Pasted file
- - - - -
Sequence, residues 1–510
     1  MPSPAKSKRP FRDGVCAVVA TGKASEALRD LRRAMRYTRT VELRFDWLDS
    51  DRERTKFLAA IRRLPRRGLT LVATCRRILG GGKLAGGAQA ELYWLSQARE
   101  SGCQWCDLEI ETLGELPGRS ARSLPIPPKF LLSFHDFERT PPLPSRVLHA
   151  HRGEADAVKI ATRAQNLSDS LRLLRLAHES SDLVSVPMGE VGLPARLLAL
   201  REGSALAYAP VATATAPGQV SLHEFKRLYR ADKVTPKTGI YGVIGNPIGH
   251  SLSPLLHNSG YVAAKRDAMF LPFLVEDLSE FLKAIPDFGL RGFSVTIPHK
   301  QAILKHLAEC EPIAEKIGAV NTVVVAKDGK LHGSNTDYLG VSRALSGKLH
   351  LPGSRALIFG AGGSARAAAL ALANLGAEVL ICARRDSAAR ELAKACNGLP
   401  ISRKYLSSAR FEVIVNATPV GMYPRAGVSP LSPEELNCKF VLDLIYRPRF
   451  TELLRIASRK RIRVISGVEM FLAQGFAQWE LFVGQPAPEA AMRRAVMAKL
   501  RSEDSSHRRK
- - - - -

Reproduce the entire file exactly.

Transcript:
Sequence, residues 1–510
     1  MPSPAKSKRP FRDGVCAVVA TGKASEALRD LRRAMRYTRT VELRFDWLDS
    51  DRERTKFLAA IRRLPRRGLT LVATCRRILG GGKLAGGAQA ELYWLSQARE
   101  SGCQWCDLEI ETLGELPGRS ARSLPIPPKF LLSFHDFERT PPLPSRVLHA
   151  HRGEADAVKI ATRAQNLSDS LRLLRLAHES SDLVSVPMGE VGLPARLLAL
   201  REGSALAYAP VATATAPGQV SLHEFKRLYR ADKVTPKTGI YGVIGNPIGH
   251  SLSPLLHNSG YVAAKRDAMF LPFLVEDLSE FLKAIPDFGL RGFSVTIPHK
   301  QAILKHLAEC EPIAEKIGAV NTVVVAKDGK LHGSNTDYLG VSRALSGKLH
   351  LPGSRALIFG AGGSARAAAL ALANLGAEVL ICARRDSAAR ELAKACNGLP
   401  ISRKYLSSAR FEVIVNATPV GMYPRAGVSP LSPEELNCKF VLDLIYRPRF
   451  TELLRIASRK RIRVISGVEM FLAQGFAQWE LFVGQPAPEA AMRRAVMAKL
   501  RSEDSSHRRK